Jon Allsop: After two inglorious years, Sarah Huckabee Sanders will leave the White House

June 14, 2019 – Last June, CBS News reported that Sarah Huckabee Sanders, the White House press secretary, and Raj Shah, her deputy, were planning to quit the Trump administration. They stuck it out longer than expected. Shah left in January. Yesterday—exactly a year after the original CBS report—we learned that Sanders will depart at the end of this month. President Trump tweeted the news and Sanders did the same: a mode of communication that has characterized Sanders’s time as White House spokesperson.

Sanders took over as press secretary in July 2017, following the ouster of Sean Spicer. Sanders showed more endurance, but her performance has been no better than Spicer’s was. In her two inglorious years on the job, Sanders barred reporters who asked tough questions; promoted Trump’s bogus “fake news awards”; fell in line with the president’s anti-press, “enemy of the people” rhetoric; and routinely disparaged the intelligence and integrity of the journalists in the White House briefing room. She also lied a lot. Sanders said that Trump never encouraged violence (he did) and that he won an “overwhelming majority” of votes in 2016 (he did not). In April, the Mueller report confirmed that in May 2017, Sanders (who was then the deputy press secretary) knowingly misled reporters when she claimed—twice—that “countless” FBI staffers supported Trump’s firing of James Comey. Sanders told Mueller’s office that the claim was “not founded on anything”; it was a “slip of the tongue” that she then repeated “in the heat of the moment,” she said. How did Sanders respond to her confession becoming public? She reiterated the false claim.

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Still, Sanders may not be remembered for her lies as much as her absence. “Last month, reporters noticed that there was literally a coating of dust on the press briefing room podium,” CNN’s Brian Stelter wrote last night. “That is Sanders’s legacy.” On her watch, the televised White House briefing, a fixture under previous administrations, has all but gone extinct. Earlier this year, Sanders set a record for the longest time without a formal briefing since the practice began. Then she beat her own record—twice. If she doesn’t brief soon, next Wednesday will mark 100 days since Sanders last faced reporters at the podium. (She did stand there in late April, but it was only for a “bring your kids to work day” stunt that she declared off the record.) In the absence of briefings, White House reporters have had to chase Sanders down on the White House driveway to ask questions, usually following her interviews with Fox News.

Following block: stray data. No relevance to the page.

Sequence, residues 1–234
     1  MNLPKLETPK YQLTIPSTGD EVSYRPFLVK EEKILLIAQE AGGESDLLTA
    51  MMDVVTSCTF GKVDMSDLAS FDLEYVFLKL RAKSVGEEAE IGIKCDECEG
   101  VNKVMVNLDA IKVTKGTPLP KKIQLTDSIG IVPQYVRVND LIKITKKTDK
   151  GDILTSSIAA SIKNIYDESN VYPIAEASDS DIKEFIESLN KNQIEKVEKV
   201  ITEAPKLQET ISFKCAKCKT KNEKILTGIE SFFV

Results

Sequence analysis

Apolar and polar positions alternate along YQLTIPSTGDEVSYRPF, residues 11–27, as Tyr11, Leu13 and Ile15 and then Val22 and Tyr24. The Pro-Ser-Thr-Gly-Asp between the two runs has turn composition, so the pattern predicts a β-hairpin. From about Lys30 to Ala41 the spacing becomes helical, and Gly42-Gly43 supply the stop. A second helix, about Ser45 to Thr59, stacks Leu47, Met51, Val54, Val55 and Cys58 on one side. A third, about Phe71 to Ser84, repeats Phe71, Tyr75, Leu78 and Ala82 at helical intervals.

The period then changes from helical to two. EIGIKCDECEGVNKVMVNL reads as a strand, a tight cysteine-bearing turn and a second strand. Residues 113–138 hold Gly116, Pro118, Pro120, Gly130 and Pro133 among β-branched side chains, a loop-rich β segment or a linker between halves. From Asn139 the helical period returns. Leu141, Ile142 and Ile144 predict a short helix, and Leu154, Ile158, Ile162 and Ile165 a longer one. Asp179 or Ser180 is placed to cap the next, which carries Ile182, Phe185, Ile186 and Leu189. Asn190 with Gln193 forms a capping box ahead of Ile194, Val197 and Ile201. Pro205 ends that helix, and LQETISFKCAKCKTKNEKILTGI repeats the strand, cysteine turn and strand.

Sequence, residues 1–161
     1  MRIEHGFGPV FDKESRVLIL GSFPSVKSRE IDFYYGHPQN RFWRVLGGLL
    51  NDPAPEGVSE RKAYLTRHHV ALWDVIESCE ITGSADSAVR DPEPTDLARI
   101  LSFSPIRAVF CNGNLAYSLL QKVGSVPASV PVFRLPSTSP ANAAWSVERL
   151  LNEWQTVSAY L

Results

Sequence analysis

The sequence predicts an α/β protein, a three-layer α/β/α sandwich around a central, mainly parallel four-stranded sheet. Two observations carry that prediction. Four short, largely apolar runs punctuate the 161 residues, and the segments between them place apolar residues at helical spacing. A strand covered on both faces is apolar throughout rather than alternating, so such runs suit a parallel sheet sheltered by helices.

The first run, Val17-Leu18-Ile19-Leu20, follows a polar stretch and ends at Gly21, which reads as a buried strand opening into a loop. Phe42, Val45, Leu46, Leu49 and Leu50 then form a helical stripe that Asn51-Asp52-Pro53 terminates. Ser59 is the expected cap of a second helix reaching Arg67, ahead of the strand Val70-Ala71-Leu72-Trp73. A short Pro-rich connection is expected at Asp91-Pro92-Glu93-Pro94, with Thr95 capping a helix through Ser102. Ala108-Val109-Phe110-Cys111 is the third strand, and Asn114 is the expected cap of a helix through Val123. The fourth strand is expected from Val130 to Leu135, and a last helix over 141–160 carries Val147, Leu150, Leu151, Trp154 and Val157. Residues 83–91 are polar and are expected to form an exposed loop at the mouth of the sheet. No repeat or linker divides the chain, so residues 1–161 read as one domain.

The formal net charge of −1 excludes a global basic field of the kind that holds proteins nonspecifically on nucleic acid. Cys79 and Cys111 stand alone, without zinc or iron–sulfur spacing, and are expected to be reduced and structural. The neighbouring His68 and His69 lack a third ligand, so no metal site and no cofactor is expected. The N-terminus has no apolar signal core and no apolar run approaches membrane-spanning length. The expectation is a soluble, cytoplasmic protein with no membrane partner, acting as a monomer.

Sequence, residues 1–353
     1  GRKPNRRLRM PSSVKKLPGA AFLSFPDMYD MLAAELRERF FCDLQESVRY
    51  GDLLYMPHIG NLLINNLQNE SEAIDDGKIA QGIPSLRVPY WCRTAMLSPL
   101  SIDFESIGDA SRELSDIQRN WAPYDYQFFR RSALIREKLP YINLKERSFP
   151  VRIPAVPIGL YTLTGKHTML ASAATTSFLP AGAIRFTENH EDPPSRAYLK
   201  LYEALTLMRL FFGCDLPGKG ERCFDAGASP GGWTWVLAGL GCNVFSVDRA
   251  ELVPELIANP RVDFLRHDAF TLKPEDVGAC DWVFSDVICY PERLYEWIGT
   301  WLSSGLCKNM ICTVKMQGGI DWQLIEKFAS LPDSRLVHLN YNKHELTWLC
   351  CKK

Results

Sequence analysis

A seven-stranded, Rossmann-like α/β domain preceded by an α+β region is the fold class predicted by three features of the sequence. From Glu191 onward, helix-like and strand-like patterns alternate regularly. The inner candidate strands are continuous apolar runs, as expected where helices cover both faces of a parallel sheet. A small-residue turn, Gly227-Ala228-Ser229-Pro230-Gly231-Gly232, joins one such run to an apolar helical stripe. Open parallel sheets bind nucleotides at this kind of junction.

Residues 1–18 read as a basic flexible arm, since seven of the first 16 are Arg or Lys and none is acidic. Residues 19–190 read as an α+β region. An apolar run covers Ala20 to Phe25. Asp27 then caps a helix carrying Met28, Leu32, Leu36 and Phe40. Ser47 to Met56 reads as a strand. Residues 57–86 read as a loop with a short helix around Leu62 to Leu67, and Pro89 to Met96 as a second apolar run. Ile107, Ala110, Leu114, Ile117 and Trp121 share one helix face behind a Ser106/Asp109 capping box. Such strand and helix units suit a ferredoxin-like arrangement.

Fox could be a logical next step for Sanders: ex-administration figures often take contributor gigs on cable news, and Sanders has already said that she plans to remain “one of the most outspoken and loyal supporters of the president and his agenda” outside the White House. (CNN reportedly has no interest in Sanders; it’s hard to imagine MSNBC would want her, either.) Trump, in his tweet, encouraged Sanders to run for governor of Arkansas, a post previously occupied by her father, Mike Huckabee; according to CNN, Sanders is thinking seriously about a bid, though there won’t be a vacancy until 2022.

As far as the White House press secretary job is concerned, CNN’s Stelter writes that who replaces Sanders is anyone’s guess. Trump could promote her deputy, Hogan Gidley, or he could look to an outside booster such as Laura Ingraham. (Stranger things have happened: remember Anthony Scaramucci?) The president, who has gone without a communications chief since March, may decline to fill the post. Why would he need a press secretary, when he believes himself to be his own best messenger?